Karina is someone who has lost too much; who had already been drowning when her mother too is taken away from her. She's not easy to like because often she comes off as someone who doesn't care about others or the consequences of her actions but with time, I started sympathizing with her. She had lost her father and sister before and now her mother and is suddenly thrust into a position of responsibilities when she hasn't even grieved properly.
Aminata was right. The world would last a single morning without her. And if it didn't, well, that was hardly her problem.

     Neither of them are killers but they are willing to do what needs to be done for their family. Malik will give anything to save his innocent little sister and Karina will give anything to bring back the mother she lost so suddenly and unexpectedly. But between the two, I think I favored Malik more. Karina at times made supremely brash decisions and was ruder than she had to be which did not win any points from me.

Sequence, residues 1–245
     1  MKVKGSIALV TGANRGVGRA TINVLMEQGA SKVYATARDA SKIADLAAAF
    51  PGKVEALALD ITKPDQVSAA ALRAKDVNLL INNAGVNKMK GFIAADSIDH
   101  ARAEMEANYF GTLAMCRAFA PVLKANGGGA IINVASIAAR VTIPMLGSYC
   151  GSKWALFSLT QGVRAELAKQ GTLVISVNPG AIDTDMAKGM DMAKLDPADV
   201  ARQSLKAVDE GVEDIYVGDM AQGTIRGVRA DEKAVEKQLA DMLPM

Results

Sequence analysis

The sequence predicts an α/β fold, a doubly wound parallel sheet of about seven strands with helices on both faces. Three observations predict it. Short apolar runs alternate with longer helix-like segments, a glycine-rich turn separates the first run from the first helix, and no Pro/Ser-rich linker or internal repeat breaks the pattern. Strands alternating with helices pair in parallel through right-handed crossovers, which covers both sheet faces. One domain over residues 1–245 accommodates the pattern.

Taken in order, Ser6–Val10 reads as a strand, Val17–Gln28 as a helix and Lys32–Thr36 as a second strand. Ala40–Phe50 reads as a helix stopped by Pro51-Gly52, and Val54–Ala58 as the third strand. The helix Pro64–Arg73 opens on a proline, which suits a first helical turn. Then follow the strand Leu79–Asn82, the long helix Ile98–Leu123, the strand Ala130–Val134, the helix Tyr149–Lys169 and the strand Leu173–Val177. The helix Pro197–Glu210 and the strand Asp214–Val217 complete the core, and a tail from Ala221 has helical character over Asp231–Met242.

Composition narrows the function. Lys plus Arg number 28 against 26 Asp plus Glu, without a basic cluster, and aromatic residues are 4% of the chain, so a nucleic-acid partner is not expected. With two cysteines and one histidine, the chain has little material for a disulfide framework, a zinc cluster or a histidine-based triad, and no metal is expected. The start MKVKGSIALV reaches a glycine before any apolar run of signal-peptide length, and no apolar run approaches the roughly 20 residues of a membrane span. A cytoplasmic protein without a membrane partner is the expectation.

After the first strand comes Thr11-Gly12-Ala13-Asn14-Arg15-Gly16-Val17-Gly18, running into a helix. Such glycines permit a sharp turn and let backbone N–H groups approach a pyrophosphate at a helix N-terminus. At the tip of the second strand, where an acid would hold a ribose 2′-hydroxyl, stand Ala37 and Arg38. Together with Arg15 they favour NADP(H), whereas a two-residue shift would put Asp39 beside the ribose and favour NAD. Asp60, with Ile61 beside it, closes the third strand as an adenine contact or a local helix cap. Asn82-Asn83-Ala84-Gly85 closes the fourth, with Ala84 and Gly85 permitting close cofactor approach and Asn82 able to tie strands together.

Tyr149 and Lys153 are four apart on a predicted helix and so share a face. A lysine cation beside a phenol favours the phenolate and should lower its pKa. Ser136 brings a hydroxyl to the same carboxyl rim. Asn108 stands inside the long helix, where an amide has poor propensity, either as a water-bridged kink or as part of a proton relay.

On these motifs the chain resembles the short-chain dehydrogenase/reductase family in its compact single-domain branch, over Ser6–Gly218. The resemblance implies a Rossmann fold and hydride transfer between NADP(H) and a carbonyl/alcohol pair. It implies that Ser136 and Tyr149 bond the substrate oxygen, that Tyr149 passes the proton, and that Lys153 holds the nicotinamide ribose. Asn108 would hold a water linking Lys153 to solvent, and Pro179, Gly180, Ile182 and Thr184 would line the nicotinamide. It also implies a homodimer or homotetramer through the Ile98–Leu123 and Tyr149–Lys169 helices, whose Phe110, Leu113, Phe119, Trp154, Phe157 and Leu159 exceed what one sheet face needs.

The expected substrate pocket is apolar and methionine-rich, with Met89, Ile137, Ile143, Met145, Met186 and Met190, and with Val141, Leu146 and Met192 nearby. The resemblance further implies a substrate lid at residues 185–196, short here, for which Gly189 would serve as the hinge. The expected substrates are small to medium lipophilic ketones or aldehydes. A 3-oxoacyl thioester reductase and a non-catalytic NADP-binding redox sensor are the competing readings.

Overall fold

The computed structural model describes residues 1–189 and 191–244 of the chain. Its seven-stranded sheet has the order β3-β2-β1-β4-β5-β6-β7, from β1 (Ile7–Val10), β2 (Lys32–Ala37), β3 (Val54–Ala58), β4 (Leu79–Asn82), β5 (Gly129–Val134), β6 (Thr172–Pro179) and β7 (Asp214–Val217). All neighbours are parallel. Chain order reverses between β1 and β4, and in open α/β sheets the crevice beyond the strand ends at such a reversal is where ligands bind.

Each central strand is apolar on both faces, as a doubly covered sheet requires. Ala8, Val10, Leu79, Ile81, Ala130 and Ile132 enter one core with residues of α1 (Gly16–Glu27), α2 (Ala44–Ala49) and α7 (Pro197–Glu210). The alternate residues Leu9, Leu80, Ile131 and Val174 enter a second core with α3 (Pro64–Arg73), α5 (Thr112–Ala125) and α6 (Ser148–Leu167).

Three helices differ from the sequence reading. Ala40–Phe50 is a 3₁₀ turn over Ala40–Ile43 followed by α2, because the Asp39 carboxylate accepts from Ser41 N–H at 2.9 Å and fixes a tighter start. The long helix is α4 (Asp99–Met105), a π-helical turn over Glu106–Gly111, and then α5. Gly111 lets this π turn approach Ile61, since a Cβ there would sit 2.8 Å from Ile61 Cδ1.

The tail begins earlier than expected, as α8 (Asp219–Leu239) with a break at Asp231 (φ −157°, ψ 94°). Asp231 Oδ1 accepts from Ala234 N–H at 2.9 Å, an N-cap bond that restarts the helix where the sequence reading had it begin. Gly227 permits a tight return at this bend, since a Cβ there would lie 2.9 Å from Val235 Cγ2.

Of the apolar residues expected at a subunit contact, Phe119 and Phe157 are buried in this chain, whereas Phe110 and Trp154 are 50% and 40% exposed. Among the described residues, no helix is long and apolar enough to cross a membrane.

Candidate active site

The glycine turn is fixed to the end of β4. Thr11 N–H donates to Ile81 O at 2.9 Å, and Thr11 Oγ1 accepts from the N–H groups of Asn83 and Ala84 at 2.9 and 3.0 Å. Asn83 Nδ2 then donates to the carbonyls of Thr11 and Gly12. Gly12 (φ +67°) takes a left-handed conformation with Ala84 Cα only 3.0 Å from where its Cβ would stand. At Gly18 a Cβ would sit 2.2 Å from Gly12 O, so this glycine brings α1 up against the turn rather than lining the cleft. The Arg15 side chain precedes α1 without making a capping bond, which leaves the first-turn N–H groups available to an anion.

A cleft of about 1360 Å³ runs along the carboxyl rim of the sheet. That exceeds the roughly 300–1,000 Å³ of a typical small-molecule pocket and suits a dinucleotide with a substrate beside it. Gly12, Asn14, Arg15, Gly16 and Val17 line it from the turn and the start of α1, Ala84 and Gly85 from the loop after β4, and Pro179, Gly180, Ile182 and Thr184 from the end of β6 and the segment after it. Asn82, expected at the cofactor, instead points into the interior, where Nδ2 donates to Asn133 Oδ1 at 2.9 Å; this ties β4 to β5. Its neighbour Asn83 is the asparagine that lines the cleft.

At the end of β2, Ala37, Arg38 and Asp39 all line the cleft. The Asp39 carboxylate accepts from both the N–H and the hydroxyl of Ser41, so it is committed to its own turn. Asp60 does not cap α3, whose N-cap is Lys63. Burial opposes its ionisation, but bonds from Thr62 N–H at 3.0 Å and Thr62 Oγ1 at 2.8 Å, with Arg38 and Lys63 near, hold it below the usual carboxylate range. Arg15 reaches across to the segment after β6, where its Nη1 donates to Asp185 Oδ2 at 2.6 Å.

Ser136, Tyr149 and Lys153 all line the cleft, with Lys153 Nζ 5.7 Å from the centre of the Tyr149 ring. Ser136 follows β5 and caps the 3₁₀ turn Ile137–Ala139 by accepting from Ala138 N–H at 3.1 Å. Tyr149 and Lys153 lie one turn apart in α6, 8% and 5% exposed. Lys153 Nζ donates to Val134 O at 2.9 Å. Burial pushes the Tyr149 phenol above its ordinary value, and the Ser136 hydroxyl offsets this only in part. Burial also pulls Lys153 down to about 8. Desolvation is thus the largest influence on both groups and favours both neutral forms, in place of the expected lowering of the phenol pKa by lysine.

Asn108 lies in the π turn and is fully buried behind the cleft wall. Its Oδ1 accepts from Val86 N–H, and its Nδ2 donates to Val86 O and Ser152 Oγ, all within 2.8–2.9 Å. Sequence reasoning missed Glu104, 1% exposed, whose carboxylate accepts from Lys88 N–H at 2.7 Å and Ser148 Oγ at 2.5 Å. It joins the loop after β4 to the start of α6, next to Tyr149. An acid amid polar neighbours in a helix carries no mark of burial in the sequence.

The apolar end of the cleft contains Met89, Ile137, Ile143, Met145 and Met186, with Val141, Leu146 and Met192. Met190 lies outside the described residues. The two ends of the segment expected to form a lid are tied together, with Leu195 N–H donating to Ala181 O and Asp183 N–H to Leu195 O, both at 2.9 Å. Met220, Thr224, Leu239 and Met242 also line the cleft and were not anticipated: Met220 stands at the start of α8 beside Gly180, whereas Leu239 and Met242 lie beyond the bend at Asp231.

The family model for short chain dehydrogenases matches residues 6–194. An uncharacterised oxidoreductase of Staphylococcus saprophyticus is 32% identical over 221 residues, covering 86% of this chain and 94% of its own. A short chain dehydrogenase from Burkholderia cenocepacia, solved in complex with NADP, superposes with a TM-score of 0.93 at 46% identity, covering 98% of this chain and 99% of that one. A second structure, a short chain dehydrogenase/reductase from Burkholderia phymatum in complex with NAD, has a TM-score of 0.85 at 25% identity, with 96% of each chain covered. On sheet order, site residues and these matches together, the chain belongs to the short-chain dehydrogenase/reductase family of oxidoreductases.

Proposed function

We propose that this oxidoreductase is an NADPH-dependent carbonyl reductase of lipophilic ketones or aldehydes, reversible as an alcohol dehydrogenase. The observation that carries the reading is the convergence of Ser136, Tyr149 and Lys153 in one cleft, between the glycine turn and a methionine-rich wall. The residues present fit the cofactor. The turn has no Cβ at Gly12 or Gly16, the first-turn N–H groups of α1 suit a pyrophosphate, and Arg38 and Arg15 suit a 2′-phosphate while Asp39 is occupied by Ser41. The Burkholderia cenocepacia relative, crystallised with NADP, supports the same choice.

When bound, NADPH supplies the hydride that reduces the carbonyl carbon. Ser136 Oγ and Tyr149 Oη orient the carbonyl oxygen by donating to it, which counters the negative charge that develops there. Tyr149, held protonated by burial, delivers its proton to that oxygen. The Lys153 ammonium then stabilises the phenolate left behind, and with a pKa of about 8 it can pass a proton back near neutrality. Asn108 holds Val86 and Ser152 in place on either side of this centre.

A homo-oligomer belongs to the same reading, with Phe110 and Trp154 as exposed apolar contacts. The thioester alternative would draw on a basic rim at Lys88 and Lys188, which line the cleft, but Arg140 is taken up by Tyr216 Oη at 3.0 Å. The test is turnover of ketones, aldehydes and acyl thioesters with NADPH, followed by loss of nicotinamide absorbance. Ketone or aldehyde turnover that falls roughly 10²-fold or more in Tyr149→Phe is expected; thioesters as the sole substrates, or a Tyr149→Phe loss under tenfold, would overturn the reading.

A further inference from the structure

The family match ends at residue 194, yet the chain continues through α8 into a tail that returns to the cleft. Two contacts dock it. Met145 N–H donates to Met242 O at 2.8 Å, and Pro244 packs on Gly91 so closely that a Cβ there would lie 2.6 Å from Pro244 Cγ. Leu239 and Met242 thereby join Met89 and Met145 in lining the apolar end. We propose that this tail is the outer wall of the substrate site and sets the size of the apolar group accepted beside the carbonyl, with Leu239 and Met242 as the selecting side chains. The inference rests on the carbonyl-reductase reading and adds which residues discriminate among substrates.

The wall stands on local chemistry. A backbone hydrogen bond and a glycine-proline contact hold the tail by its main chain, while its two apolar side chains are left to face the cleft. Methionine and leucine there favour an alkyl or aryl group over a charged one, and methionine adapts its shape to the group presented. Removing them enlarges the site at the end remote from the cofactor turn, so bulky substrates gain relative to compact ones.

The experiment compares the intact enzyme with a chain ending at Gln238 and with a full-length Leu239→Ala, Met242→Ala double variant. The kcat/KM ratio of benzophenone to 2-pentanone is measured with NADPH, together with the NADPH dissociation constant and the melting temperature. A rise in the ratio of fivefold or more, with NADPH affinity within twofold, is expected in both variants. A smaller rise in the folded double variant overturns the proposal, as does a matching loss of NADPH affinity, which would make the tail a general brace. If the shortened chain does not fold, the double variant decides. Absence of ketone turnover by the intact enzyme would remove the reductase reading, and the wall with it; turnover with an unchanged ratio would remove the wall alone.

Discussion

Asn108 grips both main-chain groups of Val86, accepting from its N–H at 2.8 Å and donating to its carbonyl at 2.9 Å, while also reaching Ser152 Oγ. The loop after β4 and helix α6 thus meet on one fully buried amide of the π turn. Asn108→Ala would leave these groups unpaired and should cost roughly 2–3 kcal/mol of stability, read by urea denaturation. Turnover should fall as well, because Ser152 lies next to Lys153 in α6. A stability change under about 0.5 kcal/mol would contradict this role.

~Solid mental health rep~

     Both the protagonists suffer from anxiety and panic attacks of different kinds. Karina has been plagued by attacks since the day she lost her father and sister. Mentions and memories of them bring on her panic attacks that result in splitting headaches and over time she has learnt various ways of dealing with them; not all of them ideal.
In the years after the fire, it had come frequently, but now it only visited her every once and again, a reminder that her childhood demons were poised to strike at any moment